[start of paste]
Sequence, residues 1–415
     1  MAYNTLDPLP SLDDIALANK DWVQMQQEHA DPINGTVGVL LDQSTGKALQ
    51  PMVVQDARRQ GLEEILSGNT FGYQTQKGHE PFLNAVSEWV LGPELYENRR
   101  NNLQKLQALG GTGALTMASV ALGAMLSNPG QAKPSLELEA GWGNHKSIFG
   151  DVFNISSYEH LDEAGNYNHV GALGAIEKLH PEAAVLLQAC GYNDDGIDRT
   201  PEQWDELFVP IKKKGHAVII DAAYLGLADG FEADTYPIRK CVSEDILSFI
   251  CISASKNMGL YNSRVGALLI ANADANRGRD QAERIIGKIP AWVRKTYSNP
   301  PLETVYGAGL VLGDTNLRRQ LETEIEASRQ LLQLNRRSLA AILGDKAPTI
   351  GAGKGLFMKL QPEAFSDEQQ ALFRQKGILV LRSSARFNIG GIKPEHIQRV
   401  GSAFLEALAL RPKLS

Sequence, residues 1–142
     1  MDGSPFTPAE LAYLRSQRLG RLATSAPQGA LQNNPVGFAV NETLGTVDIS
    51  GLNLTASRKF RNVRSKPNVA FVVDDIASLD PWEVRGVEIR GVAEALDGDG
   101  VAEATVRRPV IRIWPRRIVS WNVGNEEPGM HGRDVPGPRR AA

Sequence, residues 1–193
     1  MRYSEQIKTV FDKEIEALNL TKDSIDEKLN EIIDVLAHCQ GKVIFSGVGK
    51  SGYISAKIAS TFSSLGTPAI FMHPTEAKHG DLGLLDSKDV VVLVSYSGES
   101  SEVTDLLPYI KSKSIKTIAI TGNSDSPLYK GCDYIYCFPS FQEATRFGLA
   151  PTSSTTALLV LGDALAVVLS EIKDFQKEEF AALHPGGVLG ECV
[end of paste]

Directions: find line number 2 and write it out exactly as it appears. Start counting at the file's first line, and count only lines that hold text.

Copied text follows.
     1  MAYNTLDPLP SLDDIALANK DWVQMQQEHA DPINGTVGVL LDQSTGKALQ